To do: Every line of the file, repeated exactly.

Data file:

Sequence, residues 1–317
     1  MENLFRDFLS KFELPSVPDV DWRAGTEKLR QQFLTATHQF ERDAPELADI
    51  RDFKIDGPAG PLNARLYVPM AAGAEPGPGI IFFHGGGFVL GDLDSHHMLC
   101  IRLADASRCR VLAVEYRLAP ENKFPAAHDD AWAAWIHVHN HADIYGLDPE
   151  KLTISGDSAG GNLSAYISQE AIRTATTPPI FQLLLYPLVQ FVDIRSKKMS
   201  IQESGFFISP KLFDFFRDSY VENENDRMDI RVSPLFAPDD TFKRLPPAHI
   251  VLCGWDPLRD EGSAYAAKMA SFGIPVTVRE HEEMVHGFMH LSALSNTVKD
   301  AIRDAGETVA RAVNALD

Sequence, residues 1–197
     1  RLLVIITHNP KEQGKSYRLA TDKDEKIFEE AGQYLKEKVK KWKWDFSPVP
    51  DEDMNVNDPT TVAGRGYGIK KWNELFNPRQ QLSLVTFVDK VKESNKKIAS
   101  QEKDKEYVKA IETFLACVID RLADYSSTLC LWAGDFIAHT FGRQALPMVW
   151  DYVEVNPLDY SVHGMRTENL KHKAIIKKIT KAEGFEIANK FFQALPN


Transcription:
Sequence, residues 1–317
     1  MENLFRDFLS KFELPSVPDV DWRAGTEKLR QQFLTATHQF ERDAPELADI
    51  RDFKIDGPAG PLNARLYVPM AAGAEPGPGI IFFHGGGFVL GDLDSHHMLC
   101  IRLADASRCR VLAVEYRLAP ENKFPAAHDD AWAAWIHVHN HADIYGLDPE
   151  KLTISGDSAG GNLSAYISQE AIRTATTPPI FQLLLYPLVQ FVDIRSKKMS
   201  IQESGFFISP KLFDFFRDSY VENENDRMDI RVSPLFAPDD TFKRLPPAHI
   251  VLCGWDPLRD EGSAYAAKMA SFGIPVTVRE HEEMVHGFMH LSALSNTVKD
   301  AIRDAGETVA RAVNALD

Sequence, residues 1–197
     1  RLLVIITHNP KEQGKSYRLA TDKDEKIFEE AGQYLKEKVK KWKWDFSPVP
    51  DEDMNVNDPT TVAGRGYGIK KWNELFNPRQ QLSLVTFVDK VKESNKKIAS
   101  QEKDKEYVKA IETFLACVID RLADYSSTLC LWAGDFIAHT FGRQALPMVW
   151  DYVEVNPLDY SVHGMRTENL KHKAIIKKIT KAEGFEIANK FFQALPN